Talking to your Child About Alzheimer’s Disease

Alzheimer’s Disease can be difficult for everyone involved, including children, grand-children and spouses. Young children may not understand the disease as well as adults, therefore when their loved one has Alzheimer’s disease they are confused, upset, and unsure of what may be happening. This confusion is common in young children who are faced with a loved one with a disease.

Since Alzheimer’s disease will cause a person to behave differently than they used to, this can be frightening for a young child to witness. Although they do not know every detail about the disease, they are aware that something is happening to their grandparent. As their grandparent’s disease progresses, a young child may become too scared of their grandparent. A child may think of their grandparent as another person or they may become upset when their grandparent forgets things. A child may think their grandparent is forgetting things because they do not care or they do not think it is important to them any longer. Adults understand that Alzheimer’s Disease is a debilitating disease that changes a person’s personality along with other characteristics, but a child will not understand these changes.

It is important to explain to a child that their grandparent is ill and that they have a disease. They do not need to know every detail, but they need to know that their grandparent is suffering from an illness. Honesty is the best way to keep a child from fearing their aging grandparent.

Parents often avoid the situation, or have their grandchildren believe that this is reversible, but this is not healthy for the child. There will be many changes happening to their grandparent, and through these stages, the family needs to be present. The child needs to have their place in this life experience, so it is best to involve them in their grandparents lives as much as possible. Even though the illness may affect their grandparent, it is still best for the child to know their grandparent.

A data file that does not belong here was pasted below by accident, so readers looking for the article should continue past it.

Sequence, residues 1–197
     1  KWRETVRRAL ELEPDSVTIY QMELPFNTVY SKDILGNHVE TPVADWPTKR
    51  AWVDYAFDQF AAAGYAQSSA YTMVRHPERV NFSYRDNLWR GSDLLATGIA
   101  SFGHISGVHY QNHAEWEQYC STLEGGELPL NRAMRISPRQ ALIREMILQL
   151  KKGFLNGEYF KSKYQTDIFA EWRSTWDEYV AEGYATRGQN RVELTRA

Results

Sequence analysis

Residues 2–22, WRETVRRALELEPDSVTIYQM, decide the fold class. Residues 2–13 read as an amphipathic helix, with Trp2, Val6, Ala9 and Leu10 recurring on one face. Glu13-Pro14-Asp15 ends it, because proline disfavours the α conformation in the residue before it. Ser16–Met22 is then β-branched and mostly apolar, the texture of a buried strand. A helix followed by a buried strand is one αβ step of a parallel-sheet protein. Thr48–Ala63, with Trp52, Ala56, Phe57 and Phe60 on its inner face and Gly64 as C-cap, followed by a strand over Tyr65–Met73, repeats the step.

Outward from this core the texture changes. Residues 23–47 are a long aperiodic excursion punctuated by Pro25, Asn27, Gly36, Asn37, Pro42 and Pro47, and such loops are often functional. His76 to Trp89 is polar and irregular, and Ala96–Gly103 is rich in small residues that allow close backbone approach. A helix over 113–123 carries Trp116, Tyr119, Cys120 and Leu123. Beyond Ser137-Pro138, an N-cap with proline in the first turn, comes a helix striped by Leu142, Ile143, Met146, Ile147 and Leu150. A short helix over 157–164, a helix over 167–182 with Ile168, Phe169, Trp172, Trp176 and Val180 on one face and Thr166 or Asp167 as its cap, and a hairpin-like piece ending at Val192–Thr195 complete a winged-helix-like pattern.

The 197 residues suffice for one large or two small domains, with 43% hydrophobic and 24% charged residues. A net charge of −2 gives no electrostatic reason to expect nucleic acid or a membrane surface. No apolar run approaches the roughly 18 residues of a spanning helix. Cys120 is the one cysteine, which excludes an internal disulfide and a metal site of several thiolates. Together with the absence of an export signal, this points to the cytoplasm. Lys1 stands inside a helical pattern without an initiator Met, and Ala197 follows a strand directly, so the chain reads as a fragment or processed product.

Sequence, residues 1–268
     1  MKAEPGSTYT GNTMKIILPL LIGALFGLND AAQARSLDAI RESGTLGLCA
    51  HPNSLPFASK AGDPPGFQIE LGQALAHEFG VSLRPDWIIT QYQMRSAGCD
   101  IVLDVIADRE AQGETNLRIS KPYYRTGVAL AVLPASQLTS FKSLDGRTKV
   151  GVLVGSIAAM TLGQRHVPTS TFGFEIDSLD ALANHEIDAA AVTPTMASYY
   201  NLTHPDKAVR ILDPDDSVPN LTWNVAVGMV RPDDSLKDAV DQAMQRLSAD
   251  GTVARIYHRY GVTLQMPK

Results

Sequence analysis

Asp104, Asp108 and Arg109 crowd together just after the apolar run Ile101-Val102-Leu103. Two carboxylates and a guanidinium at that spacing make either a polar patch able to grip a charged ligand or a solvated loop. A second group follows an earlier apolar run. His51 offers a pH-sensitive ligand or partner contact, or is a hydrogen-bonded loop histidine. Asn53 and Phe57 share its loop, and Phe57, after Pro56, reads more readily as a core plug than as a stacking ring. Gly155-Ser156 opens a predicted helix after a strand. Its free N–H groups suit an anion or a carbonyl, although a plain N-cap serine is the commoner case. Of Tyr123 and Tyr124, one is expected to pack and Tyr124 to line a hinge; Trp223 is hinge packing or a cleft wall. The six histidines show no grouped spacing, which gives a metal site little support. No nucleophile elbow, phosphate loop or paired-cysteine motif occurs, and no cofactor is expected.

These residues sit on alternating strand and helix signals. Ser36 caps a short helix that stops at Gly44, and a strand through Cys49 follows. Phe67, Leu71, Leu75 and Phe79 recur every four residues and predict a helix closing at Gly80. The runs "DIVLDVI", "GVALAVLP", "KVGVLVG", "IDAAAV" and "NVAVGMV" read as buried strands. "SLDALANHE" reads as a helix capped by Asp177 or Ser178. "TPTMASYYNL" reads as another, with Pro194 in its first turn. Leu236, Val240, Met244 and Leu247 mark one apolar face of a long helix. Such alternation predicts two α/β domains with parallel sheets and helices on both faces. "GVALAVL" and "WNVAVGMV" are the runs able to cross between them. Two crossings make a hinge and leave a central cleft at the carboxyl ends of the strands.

Always answer questions the child might have about their grandparents’ Alzheimer’s Disease. Remember, though, that many children becoming scared when talking about the effects of the illness, and they start to worry about death. Do not focus on the illness itself, but rather focus on telling them how their grandparent is the same person, and that a disease is affecting the way their grandparent is thinking. Explain how this disease will have an effect on their grandparents mood, memory, and reactions to things, but tell them that their grandparent will still love them as much as they used to.

Grandparents that have Alzheimer’s Disease and Dementia in the early stages will understand how their disease is affecting their family members and those around them. They will try and act “normal” as much as they can around their grandchildren, but they will often feel badly about their situation. Telling a child to accept their grandparents for who they are right now will help their grandparent feel less guilt regarding their situation.

When a parent explains this disease to their child, it becomes easier for the parent to cope. As innocence is seen in a young child, we are able to understand the power of family, hope, and love. It is important to focus on caring for your loved one with Alzheimer’s disease, and pushing through the sadness. Understanding the disease will help you through the changes that will take place, and allowing your child to accept these changes with you will make the transitions much easier.

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